• Mark Turner

STOP IT!



I keep seeing it over and over again. And it still drives me crazy. We live in such a remedial culture. An example: someone who swims 2.4 miles (at minimum, you know not everyone sights perfectly) in 2 hours and 5 minutes is described, and often self-described, as a “weak” swimmer. That would be news to the vast majority of humans inhabiting the planet!


I just read a post by a gifted athlete describing vulnerability as a weakness. How can we allow ourselves to think and speak like this anymore? Cognitive science, that is actually current and legitimate, finds the practice of framing performance in terms of weakness is profoundly counter-productive. It can be destructive to human performance, not to mention the human soul!


I recognize that we all, each and every one of us, have limiters. But a limiter is not a weakness; it is ONLY a limiter. When a limiter is only viewed as a weakness, how can improvements ever happen? Trying harder to live up to a standard that is based on someone else’s strength - well that is certainly a recipe for success…not.


When we leverage what makes us strong in other areas of life to improve performance in areas where we are challenged, we have a pathway to real success. I know that many will argue this point, saying don’t ignore the areas of “weakness.” The reality is that most people focus on their perceived weakness and then it really does truly become a performance inhibitor because there ends up being no vantage point from which to improve performance. Where is the healthy mental benefit in that? There is none.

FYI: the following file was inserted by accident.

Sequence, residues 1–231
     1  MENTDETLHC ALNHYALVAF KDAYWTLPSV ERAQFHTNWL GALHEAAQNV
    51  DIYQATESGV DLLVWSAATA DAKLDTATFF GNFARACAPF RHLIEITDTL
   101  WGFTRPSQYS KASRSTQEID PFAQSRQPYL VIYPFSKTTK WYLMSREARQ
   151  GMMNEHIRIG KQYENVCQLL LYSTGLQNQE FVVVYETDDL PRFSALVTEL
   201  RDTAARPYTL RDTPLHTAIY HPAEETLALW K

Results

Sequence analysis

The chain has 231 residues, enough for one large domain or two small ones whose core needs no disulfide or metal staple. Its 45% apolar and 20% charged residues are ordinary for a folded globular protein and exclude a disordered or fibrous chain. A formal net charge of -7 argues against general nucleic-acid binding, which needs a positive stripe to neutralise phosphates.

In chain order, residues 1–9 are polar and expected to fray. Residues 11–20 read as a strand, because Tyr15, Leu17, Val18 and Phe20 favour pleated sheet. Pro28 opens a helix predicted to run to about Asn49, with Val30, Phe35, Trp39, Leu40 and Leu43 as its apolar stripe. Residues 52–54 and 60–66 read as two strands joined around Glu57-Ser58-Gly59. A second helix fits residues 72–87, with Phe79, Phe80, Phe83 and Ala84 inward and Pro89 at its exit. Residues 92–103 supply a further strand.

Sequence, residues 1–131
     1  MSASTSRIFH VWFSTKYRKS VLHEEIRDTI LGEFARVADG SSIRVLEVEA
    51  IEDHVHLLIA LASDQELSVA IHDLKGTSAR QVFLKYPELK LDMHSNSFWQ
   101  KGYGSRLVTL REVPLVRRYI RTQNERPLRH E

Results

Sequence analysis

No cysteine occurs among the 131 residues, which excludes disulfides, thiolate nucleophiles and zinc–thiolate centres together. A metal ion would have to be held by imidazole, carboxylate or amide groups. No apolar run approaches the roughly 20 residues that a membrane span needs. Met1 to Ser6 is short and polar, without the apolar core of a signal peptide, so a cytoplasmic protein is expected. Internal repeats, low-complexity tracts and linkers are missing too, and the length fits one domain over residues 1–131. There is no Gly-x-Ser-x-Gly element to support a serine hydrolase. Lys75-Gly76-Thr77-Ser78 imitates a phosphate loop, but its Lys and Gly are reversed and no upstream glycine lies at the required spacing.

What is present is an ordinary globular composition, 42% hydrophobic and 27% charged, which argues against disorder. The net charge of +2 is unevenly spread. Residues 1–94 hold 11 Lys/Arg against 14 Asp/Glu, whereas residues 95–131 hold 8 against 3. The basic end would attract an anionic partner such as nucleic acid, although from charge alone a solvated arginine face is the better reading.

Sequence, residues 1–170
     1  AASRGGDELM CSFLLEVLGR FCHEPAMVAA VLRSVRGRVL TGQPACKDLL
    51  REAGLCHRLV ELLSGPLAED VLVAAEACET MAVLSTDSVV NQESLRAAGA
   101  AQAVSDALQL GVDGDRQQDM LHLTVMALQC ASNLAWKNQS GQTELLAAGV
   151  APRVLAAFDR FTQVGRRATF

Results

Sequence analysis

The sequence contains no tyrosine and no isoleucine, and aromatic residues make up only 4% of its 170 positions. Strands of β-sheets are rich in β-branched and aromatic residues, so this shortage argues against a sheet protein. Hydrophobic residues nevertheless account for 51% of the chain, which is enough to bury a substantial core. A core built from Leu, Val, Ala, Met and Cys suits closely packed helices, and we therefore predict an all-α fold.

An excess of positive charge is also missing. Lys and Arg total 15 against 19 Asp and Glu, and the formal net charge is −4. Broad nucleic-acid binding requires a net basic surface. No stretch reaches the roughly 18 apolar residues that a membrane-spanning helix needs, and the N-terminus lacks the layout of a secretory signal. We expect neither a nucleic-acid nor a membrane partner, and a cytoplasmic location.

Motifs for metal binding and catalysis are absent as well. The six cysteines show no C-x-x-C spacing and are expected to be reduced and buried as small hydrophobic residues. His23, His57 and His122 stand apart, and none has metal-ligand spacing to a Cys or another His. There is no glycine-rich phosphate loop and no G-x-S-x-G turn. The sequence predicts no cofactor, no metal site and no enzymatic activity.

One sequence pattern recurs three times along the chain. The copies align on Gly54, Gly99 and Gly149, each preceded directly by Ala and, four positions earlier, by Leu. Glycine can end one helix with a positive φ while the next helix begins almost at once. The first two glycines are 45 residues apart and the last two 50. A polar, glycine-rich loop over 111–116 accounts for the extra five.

Instead let us embrace our areas of strength so that we can leverage our those to improve our areas of challenge. Let us let go of the remedial-focused culture’s language of weakness and ask ourselves, “How do I best harness my strengths to become even stronger, both where I already have strong performance and where I need improvement?” Within the answer to that more complex question lies the pathway to improved performance.


You are not weak. You have strengths that can make you better even in areas where you need or want to improve performance. You are strong. You have strengths that are simply waiting for you to embrace, cultivate, and nurture. Now, go for your greatness. It is there and it is yours. So when you are tempted to think in terms of weakness, I encourage you to do one thing…STOP IT!



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Multisport Performance Institute, Inc.